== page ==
"Still, it was a surprise when we attacked," Charlie said, "for they could not suppose that the small body they saw were going to assail them. Then, we had the cover of that snowstorm, and they did not see us, until we reached the edge of the ditch. Of course, your general ought to have made proper dispositions, and to have collected the greater part of his troops at the spot facing us, instead of having them strung out round that big semicircle, so that, when we made an entry they were separated, and each half was ignorant of what the other was doing. Still, even then they might have concentrated between the trenches and the town. But no orders had been given. The general was one of the first we captured. The others waited for the orders that never came, until it was too late. If the general who commanded on the left had massed his troops, and marched against us as we were attacking the position they held on their right, we should have been caught between two fires."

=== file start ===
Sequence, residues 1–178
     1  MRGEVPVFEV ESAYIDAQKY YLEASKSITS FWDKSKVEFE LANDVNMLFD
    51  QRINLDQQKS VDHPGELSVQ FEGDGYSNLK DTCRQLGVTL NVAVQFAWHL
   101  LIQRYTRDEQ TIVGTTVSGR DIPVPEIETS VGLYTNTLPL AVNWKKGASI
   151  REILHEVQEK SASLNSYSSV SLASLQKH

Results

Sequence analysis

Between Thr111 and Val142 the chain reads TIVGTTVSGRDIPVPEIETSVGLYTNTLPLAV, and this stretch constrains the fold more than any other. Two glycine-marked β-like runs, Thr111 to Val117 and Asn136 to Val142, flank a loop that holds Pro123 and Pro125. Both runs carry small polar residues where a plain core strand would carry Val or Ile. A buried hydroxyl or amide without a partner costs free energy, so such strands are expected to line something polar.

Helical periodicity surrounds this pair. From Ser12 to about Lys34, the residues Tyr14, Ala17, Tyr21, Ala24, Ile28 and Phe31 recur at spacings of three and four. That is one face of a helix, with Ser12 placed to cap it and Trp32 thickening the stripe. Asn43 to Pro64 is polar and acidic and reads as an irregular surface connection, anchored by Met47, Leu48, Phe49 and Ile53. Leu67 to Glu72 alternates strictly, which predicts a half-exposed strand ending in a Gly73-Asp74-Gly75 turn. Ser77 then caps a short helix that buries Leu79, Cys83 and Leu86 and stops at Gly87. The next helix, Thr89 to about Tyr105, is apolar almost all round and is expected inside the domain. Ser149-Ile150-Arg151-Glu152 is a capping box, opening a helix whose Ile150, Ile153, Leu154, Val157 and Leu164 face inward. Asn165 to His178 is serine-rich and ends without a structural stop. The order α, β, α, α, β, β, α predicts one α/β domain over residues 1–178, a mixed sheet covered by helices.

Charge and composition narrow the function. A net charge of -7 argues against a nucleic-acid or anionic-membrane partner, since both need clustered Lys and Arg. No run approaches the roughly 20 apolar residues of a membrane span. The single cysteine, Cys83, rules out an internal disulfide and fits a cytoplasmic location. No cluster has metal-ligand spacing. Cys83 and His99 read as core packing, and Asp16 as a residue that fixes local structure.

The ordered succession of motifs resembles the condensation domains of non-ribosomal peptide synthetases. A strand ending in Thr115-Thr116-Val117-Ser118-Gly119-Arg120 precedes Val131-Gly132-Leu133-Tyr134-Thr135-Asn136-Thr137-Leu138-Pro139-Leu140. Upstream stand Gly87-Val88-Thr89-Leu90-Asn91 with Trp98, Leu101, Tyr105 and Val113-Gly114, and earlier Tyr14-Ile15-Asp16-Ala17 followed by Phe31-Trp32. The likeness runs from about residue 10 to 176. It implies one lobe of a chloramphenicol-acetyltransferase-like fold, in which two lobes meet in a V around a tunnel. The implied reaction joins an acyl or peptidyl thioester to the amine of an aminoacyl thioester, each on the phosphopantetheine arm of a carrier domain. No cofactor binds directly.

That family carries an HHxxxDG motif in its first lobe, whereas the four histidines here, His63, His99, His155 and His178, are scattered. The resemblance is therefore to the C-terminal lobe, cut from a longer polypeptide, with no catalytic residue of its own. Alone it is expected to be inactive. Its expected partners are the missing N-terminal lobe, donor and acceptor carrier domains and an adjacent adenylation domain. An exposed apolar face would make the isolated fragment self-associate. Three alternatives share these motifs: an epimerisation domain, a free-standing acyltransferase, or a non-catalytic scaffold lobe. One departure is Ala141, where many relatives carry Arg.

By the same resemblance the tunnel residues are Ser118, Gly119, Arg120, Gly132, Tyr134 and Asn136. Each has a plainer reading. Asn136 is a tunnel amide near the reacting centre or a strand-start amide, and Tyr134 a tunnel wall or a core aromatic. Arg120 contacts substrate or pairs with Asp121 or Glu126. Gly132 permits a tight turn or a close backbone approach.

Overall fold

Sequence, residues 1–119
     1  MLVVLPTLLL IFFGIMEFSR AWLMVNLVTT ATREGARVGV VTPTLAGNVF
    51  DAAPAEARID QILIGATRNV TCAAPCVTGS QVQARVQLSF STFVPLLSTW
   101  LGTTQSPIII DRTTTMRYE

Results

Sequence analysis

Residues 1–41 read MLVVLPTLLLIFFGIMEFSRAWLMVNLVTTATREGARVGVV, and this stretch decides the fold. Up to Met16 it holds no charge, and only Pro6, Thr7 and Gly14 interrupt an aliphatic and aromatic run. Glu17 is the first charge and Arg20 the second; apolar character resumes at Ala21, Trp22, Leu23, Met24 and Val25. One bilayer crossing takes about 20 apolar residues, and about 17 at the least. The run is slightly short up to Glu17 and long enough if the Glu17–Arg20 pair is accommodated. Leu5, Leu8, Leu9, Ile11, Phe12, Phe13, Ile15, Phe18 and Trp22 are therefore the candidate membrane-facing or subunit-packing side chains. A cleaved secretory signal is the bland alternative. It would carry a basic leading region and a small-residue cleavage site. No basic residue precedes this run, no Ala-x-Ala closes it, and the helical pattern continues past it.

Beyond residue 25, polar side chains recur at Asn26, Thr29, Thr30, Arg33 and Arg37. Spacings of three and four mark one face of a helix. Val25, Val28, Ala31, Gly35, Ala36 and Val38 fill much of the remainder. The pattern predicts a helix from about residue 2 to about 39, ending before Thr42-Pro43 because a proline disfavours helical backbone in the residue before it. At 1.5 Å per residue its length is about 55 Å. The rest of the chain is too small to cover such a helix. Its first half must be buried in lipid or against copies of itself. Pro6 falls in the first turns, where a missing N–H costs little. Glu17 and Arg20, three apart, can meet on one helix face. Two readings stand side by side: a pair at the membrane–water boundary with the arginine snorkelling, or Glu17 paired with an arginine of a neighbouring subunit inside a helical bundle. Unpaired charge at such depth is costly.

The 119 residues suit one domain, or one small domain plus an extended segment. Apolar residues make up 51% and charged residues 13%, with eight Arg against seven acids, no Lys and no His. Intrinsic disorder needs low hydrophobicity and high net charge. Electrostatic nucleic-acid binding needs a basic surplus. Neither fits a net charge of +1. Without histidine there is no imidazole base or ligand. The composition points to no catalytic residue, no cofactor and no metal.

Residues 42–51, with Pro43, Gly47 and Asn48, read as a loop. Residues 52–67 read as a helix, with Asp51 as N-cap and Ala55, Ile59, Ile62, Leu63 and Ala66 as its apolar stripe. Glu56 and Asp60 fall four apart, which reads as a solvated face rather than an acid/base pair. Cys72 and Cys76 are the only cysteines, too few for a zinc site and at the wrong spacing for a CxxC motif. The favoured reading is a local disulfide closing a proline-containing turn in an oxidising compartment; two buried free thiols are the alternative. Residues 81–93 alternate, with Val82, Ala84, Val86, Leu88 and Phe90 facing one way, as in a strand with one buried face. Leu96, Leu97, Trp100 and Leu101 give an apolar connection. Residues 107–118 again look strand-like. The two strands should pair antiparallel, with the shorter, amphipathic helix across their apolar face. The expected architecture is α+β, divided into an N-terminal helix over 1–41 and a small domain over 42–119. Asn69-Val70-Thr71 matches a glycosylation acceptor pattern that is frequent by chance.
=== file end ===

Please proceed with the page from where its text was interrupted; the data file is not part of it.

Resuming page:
"It was a badly managed business, altogether," Doctor Michaeloff growled; "but we shall do better next time. We shall understand Charles's tactics better. We reckoned on his troops, but we did not reckon on him.

"Kelly tells me that you would not care to change service."

"My friends are in the Swedish army, and I am well satisfied with the service. I daresay, if Russia had been nearer England than Sweden is, and we had landed there first, we should have been as glad to enter the service of the czar as we were to join that of King Charles. Everyone says that the czar makes strangers welcome, and that he is a liberal master to those who serve him well. As to the quarrel between them, I am not old enough to be able to give my opinion on it, though, as far as I am concerned, it seems to me that it was not a fair thing for Russia to take advantage of Sweden's being at war with Denmark and Augustus of Saxony, to fall upon her without any cause of quarrel."